Up until the late 1970s, perhaps early 80s, the Isle of Wight County Press was filled with little one or two line articles, sometimes under the banner ‘The Week’s News’, sometimes in ‘Town and County Notes.’

They were odd, quirky and always of interest. This month we revive a few from the early 1960s.

Scroll through the gallery of pictures above to see some interesting images from this era...

First, some good eco-news from July 1960:

‘Salmon are known to be fastidious fish, choosing the freshest rivers for spawning and keeping away from any form of pollution but one was stranded by the tide and seen struggling in shallow water in Newport Harbour on Wednesday morning. When captured it weighed 10 lb., and was worth about £5!’

Isle of Wight County Press: Newport Quay was still a busy working quay in the early 1960s with no Medina Way and no Bargeman's Rest. Photo © Alan Stroud/County Press.Newport Quay was still a busy working quay in the early 1960s with no Medina Way and no Bargeman's Rest. Photo © Alan Stroud/County Press.

Two months later it was Freshwater’s turn to make the piscatorial headlines:

‘An octopus with a tentacle span of nearly five feet was captured alive in a lobster pot at Freshwater Bay on Tuesday by Mr Newbury, of The Star Inn, and Mr Legg, of The Red Lion, Freshwater.

‘Crowds gathered on the beach to examine the unusual capture, which was brought ashore in a large bucket of seawater and later exhibited to their interested customers by the two licensees. Mr. Newbury said that during the time the octopus was trapped in the pot it had eaten the whole of the head and most of the tail of a lobster.

‘As the octopus was easily the largest caught for several years, the landlords offered it to Sandown Zoo, but the zoo authorities were not in a position to accept such a specimen.’

Now before we go any further with this cutting, a fair warning — if you don’t want to know the result, look away now...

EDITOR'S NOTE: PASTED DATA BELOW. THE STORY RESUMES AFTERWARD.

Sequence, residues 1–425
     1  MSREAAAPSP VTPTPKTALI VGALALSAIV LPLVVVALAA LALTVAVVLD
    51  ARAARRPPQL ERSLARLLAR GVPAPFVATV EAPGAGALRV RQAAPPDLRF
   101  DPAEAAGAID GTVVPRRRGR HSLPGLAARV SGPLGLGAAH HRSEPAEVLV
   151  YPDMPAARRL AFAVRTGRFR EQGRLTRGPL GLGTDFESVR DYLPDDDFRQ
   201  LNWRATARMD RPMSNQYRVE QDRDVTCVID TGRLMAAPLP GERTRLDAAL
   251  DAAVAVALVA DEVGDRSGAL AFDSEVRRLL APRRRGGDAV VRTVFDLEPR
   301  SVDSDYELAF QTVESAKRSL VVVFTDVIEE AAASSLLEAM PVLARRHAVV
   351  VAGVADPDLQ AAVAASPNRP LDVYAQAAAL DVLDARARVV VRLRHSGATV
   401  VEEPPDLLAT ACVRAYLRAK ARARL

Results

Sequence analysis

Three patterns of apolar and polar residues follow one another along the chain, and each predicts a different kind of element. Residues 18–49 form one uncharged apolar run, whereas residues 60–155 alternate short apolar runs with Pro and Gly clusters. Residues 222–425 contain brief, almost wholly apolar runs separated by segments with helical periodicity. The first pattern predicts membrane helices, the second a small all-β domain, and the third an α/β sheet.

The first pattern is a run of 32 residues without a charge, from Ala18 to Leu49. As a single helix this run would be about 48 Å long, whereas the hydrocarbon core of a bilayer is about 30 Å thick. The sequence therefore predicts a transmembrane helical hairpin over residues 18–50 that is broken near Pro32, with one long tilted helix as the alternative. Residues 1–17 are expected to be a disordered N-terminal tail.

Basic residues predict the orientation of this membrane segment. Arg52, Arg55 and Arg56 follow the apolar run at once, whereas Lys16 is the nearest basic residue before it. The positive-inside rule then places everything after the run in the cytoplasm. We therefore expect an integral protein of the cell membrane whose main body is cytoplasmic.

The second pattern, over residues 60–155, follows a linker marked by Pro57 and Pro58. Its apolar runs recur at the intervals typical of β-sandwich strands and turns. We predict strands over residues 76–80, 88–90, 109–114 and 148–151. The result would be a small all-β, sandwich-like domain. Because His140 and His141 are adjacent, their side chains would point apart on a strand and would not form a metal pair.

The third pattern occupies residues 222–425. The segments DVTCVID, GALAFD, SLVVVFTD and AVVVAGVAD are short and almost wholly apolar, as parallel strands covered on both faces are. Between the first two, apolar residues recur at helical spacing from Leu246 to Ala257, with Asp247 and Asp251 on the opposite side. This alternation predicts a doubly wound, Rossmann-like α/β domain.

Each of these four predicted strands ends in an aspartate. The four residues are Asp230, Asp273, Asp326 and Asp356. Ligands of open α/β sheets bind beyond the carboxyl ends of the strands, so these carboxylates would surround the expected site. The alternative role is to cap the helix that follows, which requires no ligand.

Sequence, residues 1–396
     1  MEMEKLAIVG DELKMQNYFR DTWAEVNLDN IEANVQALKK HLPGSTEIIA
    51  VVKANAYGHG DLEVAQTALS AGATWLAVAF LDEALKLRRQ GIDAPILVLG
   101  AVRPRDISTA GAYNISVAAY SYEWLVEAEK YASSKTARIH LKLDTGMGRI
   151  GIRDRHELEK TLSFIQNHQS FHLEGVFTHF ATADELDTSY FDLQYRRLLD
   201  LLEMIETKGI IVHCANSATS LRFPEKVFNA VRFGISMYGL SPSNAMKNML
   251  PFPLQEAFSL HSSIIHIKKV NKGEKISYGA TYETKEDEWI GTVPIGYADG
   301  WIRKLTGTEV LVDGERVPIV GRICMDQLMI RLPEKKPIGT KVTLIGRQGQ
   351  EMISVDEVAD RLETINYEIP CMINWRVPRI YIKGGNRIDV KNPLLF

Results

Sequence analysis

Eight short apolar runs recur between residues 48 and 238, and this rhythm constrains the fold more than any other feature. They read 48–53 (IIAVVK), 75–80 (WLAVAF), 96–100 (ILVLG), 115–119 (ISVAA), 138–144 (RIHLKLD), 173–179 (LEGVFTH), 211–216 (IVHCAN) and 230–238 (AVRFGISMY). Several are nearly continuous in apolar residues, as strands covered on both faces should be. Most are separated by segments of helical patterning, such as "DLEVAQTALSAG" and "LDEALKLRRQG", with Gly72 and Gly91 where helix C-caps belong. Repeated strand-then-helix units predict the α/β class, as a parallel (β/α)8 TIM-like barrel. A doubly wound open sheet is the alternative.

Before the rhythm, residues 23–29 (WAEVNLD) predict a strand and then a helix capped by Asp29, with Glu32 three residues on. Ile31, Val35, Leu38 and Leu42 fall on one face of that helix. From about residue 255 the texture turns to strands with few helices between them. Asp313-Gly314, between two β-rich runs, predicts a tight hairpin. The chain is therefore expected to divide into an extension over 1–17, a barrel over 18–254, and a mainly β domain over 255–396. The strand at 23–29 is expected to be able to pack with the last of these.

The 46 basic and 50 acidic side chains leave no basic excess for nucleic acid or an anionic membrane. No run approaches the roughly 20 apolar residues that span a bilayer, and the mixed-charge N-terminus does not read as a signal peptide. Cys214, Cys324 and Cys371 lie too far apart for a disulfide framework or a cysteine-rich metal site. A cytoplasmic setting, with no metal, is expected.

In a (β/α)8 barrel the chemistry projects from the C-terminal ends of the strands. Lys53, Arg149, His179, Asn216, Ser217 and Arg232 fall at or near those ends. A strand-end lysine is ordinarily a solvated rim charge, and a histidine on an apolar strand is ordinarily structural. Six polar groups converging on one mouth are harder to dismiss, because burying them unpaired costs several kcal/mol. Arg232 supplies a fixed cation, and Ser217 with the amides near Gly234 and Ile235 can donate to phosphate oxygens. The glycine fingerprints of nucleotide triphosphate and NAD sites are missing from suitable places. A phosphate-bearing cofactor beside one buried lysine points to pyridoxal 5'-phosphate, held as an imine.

‘....so the octopus was killed, cut up, and used as lobster bait.’

Is honesty always the best policy? Reports like this, from September 1961, make you wonder:

‘A Cowes schoolboy, Roger Gallagher, aged ten, a pupil of Denmark Road School, who found a handbag containing cash and securities worth £1,000 in the street, received a reward for his honesty from the grateful owner of £2! He took the bag to show his mother who immediately went to Cowes Police Station and while the contents were being checked the owner, a woman visitor, from Chiswick, came in. After the bag had been handed to her, with its contents intact, she gave the boy £2 reward.’

Next, moving the troops. The Isle of Wight had been home to thousands of troops for the best part of a century or more in camps, forts and bases all across the Island. Newport in particular was described as ‘a sea of khaki'. In February 1962 came the announcement that everyone had been expecting:

‘The troops which have been stationed at Golden Hill Fort, Freshwater, and Fort Victoria, Yarmouth, for the last 16 years, said goodbye to the West Wight with a ceremonial parade on Thursday. When the last troops depart next month, the Island will be left without a regular military garrison for the first time in nearly 300 years.’

Someone not going anywhere that month was an inmate at Parkhurst Prison:

‘A prisoner at Parkhurst won a £5 prize on ITV’s Take a Letter programme on Wednesday. A spokesman at the prison said afterwards: “Prisoners are allowed to go in for competitions with small prizes and they are allowed to keep up to £10. Naturally, they cannot go in for competitions where the prize is a short tour of Italy, or something like that.”’

Proving that nothing got past the eye of the CP editor is this one-liner from ‘The Week’s News’ in summer 1962:

‘A bulge the size of a cricket ball which developed in the two-inch thick surface of tarmacadam in Weston Road, Totland Bay, on Friday week was caused by a growing mushroom which finally forced its way through on Monday.’

Finally, in early 1963 a Cowes boy lost the tips of two fingers when his home-made bomb exploded prematurely. Helpfully, the CP not only reported the story but also informed would-be bomb-makers which chemicals to use!

‘On Friday week a 13-year-old Cowes schoolboy received severe burns and injuries to his right hand. The boy and his friend, aged 14, both of Cowes, were playing in Northwood Park when the accident occurred. It is understood that they were packing a mixture of (Editor's note: chemicals which it’s probably not wise to repeat in this day and age) into a metal tube when it exploded.’

Like reading stories about the Isle of Wight in bygone times? Click here to visit our Looking Back section and read more nostalgic tales.